Story image

Hands-on review: Sony’s latest OLED TV delivers an unparalleled viewing experience

I had the opportunity to spend some time with Sony’s latest Bravia OLED TV. 

Simply put, this television is breathtaking.

When the TV was first announced I was very sceptical about all of the promised features and the price-tag they brought with them. 

Yet, the Bravia OLED delivers on all of the bold promises it made before release and more. 

The device interface is reminiscent of a tablet and users can control it by voice, it comes with Google integrated, making navigation a breeze.

Users can download their favourite apps directly to the TV including Netflix and Youtube, this eliminates the need to fumble with HDMI cables and Chromecast. 

The television essentially integrates all of a user’s core entertainment needs into one simple-to-use platform.

Additionally the remote contains several quick access buttons so viewers can access the Play Store and Netflix at the press of a button. 

This really reflects the changing times, as TV is moving away from traditional clunky box sets to internet streaming services. 

The TV has no speakers instead the sound resonates from behind the screen.

This was one feature I was highly sceptical about, yet when I finally heard the sound the TV once again blew my mind.

The sound emanating from the screen follows the point of origin, meaning of a character speaks on the left side of the TV that’s where the sound will come from. 

The sound is crisp, clear and most importantly it doesn’t interfere with the image quality at all.

Honestly, I would say with this TV there is no need for a surround sound system as the Bravia is quite capable of generating that effect on its own.

On that note let’s talk about the image quality.

Watching a show or movie on this screen will make you feel as if you’re in a movie theatre.

There are more pixels than the eye can comprehend, even when you get up-close to the screen you can barely see the individual pixels. 

A particular moment that stood out to me was while I was watching BBC’s Planet Earth 2.

As I saw the monkeys frolic about on the screen it didn’t feel like I was watching TV, instead, it felt as if I was staring through a portal into a distant reality.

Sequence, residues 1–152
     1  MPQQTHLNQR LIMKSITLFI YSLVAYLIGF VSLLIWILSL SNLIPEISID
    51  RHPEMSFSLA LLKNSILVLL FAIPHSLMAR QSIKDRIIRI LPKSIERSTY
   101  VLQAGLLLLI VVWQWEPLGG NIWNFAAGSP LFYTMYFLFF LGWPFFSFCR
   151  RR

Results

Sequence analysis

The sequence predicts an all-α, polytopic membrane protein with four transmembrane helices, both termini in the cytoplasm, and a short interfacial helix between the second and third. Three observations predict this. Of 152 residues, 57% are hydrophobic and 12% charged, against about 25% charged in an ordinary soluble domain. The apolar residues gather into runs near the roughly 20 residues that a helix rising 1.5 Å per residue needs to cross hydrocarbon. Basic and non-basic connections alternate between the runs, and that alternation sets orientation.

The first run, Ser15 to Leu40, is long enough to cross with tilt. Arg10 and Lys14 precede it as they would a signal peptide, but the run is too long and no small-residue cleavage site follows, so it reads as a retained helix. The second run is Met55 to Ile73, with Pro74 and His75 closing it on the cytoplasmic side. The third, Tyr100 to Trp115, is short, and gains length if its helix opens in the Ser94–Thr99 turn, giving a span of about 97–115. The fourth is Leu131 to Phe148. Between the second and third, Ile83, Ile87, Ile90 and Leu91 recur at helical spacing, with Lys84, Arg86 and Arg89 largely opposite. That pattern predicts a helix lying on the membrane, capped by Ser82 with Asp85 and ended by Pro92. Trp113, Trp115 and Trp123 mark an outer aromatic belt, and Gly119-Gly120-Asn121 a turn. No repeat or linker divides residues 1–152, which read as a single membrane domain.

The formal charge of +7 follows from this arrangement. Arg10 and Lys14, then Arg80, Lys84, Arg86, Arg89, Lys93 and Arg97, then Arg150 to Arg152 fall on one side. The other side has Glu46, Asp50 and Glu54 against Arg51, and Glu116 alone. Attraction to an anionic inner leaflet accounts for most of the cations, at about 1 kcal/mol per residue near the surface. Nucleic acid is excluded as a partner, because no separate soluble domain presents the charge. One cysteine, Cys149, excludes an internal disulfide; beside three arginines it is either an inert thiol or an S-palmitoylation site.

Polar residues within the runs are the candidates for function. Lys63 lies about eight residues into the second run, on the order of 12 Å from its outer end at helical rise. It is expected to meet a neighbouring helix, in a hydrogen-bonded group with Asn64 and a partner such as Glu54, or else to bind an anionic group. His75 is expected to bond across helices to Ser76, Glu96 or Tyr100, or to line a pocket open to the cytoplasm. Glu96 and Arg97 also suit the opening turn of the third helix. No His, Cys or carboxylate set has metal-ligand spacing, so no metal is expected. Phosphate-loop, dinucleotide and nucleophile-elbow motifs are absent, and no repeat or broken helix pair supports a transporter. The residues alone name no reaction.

I could make out every whisker and cavity on the adorable monkey faces. 

Needless to say that this TV integrates seamlessly with other Sony products, including the PS4 and their 4K Blu-ray player.

Overall this device is incredible, and the price-tag reflects that. 

The 65-inch TV retails for $11,000 and the 55-inch retails for a more affordable $7,500. 

So the Bravia really is not cheap, yet it is so much more than just a simple TV.

If you are looking to upgrade your home entertainment system and have a big budget then this is definitely a product to consider.

Marriott sets up call centres to answer questions on data breach
Marriott has released an update on the breach of the Starwood guest reservation data breach which affected 500 million guests.
How to stay safe when shopping online
Online shopping is a great way to avoid the crowds – but there are risks.
Hands-on review: The Logitech R500 laser presentation remote
With a clever ergonomic design, you’ll never have to glance at the device, unless you deliberately look to use the built-in laser pointer to emphasise your presentation.
Noel Leeming slapped with $200,000 fine for misrepresentation
“This prosecution related to multiple consumers in multiple locations. It was not isolated or ‘one off’ conduct.”
GCSB welcomes Inspector-General's report on intelligence warrants
Intelligence warrants can include surveillance, private communications interception, searches of physical places and things, and the seizure of communications, information and things.
Review: Should you buy the Fitbit Charge 3?
If you are new the to the world of wearables you might be wondering if Fitbit’s new offering is a good first step. Maybe I can help with that.
Hands-on review: Anki Vector is a step up in the world of AI
See how he responds if you annoy him. You can tell him if he’s been a good or bad robot and see how he reacts.
Homegrown stress relief app to be launched next year
Researchers at the University of Auckland and an Auckland-based creative agency are working together to create a ‘world first’ app that they believe will help with stress relief.